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The answer is to take advantage of the Internet. Every UK paper should establish an off-shore website and make sure their readers know about it. And set up off-shore mail servers that readers can sign up for. Then if the government censors a story, a million plus emails go out and readers get the story anyway.
51 weeks ago
51 weeks ago Link To Comment
Why is this a surprise? Since when has total control of all media NOT been part of the Leftist (liberal/progressive) plan???
51 weeks ago
51 weeks ago Link To Comment
There is a remedy for this: Pirate Media. Today's posting from Drudge describes a Google facility floating in SanFran Bay. British radio stations bagan broadcasting as "Pirate Radio" to circumvent the BBC's staid control of music decades ago.

There is no reason why the Daily Mail needs to publish in the UK. It is the most read newspaper with an online American readership. News is fungible.

Yo ho ho!

Hoist the flag!
51 weeks ago
51 weeks ago Link To Comment
This is what happens when you do not have a written constitution. Now, that being said, sometimes written constitutions are meaningless as evidenced in most of the countries in central and south america. The US Constitution and Bill of Rights really reflects the genius of the founding fathers. Britain on the other hand, has only a "gentleman's agreement" for a constitution. This agreeement can be abrogated at any time.
51 weeks ago
51 weeks ago Link To Comment
"...sometimes written constitutions are meaningless as evidenced in most of the countries in central and south america...."

And in the United States, I might add, where decades of deconstructionist judges have rendered the "living" document increasingly feeble. What of Justice Harry Blackmun's famous statement that "the Constitution is whatever five of us say it is?" What of Ruth Bader Ginsburg's openly stated belief that decisions should be made according to "enlightened world opinion" rather than according to the text of the US Constitution, which she deems outdated? What about our own POTUS's statements about how our Constitution is "not so good" because it impedes the march of left-wing righteousness?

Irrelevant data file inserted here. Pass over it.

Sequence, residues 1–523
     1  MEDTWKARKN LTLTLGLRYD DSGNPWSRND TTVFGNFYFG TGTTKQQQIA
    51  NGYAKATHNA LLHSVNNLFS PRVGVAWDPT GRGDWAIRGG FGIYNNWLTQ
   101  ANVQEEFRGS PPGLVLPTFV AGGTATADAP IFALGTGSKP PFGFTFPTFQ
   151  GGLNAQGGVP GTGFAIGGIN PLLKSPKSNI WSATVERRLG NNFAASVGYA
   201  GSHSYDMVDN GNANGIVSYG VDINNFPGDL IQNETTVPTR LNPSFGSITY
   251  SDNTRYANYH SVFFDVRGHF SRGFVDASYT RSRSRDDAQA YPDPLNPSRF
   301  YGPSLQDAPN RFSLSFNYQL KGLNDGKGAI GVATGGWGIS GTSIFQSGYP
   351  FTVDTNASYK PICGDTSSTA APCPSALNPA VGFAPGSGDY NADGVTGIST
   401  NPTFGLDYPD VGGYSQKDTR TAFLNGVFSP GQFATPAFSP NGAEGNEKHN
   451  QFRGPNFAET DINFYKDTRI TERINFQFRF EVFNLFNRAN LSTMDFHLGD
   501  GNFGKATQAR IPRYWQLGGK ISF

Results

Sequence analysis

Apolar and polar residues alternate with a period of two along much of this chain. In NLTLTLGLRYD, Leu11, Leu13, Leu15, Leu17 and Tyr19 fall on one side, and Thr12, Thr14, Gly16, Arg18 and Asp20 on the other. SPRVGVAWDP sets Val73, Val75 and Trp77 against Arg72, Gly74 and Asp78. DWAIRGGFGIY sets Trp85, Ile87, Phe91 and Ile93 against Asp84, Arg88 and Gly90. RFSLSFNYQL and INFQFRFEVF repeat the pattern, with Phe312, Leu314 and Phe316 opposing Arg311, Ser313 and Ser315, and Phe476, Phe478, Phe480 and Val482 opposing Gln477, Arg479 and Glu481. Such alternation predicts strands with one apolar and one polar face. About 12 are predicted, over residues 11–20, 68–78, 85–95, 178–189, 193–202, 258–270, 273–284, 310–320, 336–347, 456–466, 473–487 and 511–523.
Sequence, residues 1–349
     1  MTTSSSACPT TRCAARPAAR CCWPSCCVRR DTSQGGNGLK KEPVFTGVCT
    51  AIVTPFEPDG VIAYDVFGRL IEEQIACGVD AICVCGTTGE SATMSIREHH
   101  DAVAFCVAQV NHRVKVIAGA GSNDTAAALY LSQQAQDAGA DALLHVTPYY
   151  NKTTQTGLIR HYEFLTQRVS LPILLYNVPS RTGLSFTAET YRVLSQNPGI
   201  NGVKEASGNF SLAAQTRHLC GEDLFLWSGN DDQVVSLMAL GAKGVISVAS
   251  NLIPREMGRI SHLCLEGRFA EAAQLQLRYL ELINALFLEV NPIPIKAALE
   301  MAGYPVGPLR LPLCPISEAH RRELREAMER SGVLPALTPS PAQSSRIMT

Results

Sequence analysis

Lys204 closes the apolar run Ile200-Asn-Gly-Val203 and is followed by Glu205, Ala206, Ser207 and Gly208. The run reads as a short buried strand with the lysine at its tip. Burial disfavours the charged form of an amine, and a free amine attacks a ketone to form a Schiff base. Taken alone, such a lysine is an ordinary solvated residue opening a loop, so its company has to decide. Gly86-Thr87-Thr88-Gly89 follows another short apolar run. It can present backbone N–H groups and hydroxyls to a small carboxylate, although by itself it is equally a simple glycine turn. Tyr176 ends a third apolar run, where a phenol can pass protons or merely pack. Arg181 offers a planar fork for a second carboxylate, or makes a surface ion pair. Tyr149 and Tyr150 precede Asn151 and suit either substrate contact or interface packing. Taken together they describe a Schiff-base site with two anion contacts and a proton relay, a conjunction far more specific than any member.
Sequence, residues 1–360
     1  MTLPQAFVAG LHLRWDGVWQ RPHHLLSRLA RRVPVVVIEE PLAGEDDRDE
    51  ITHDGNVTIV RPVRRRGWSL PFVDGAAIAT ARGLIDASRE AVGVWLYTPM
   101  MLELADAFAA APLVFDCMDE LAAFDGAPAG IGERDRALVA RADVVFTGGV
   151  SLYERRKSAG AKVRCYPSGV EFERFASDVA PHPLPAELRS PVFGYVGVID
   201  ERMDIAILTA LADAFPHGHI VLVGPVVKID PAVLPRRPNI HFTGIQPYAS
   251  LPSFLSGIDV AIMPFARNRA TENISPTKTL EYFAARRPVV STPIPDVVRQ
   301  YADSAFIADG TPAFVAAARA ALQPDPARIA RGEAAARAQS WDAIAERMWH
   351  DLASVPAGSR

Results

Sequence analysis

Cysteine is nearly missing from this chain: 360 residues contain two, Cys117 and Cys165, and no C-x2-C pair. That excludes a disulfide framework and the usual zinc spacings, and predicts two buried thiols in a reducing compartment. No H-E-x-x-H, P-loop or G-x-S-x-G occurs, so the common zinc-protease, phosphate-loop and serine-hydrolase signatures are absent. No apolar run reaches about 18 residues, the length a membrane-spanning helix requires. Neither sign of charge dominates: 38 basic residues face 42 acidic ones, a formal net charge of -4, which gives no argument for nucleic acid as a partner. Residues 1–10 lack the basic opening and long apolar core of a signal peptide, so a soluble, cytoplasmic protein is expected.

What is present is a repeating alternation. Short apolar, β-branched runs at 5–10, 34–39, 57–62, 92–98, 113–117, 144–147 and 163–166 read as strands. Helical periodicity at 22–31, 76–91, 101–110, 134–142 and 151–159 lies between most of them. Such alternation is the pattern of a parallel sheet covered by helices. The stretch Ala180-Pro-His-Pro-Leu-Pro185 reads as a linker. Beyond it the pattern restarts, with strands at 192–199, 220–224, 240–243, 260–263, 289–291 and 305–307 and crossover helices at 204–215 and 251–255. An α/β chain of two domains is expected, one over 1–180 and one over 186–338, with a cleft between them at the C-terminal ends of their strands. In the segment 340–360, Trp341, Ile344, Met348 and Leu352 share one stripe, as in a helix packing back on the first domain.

And by the way, when Honduras was trying to follow it's constitution; when President Zendaya was trying to seize another term, which is explicitly illegal; and when the supreme court and national assembly, including most of Zendaya's own party, told him to desist and step down; when, as he refused, he was forcibly ousted from office; what did the US do? They sided with Zendaya, a would-be Hugo Chavez.

I agree that the US Constitution reflects great genius. It is indeed a shining light. But as the ruling cronies of America increasingly corrupt and ignore it, how will that light save the US---- or reach others?
51 weeks ago
51 weeks ago Link To Comment
They're already doing it...

As just one example of many...

http://www.whiteoutpress.com/articles/q42013/america-s-free-press-hangs-on-barrett-brown/

51 weeks ago
51 weeks ago Link To Comment
Well, let's see, slowly but surely our MSM is going broke as more and more people get their news from the internet. So, at what point will it be decided that some will be determined to be "too big to fail" and the government needs to bail them out? Just like Government Motors, this will give the politicians control of the biggest networks of the MSM. Anybody want to bet it couldn't happen?
51 weeks ago
51 weeks ago Link To Comment
A political faction that does not support the entire Bill of Rights will eventually seek to overturn all of the Bill of Rights. The left abhors the First Amendment more than the Second. An anti-Liberty thug like Bloomberg reinforces his violation of the Second Amendment by eviscerating the the 4th, 5th and 6th Amendments.
51 weeks ago
51 weeks ago Link To Comment
" The charter will therefore be granted by Queen Elizabeth rather than the government. "

I wonder if there's any chance the queen would refuse?
51 weeks ago
51 weeks ago Link To Comment

Cowards that they are, the MSM would sing with the leftist chorus even more reliably if there was any kind of threat of retaliation by the progressives. We would effectively have a one party state with opposition parties too weak and isolated to matter.
51 weeks ago
51 weeks ago Link To Comment
"and could be made to pay the full costs of court cases even if they win."

This is a pretty shocking provision if true. It means even if you win, you lose. I'm sure the government's portion of the costs will be egregiously expensive.
51 weeks ago
51 weeks ago Link To Comment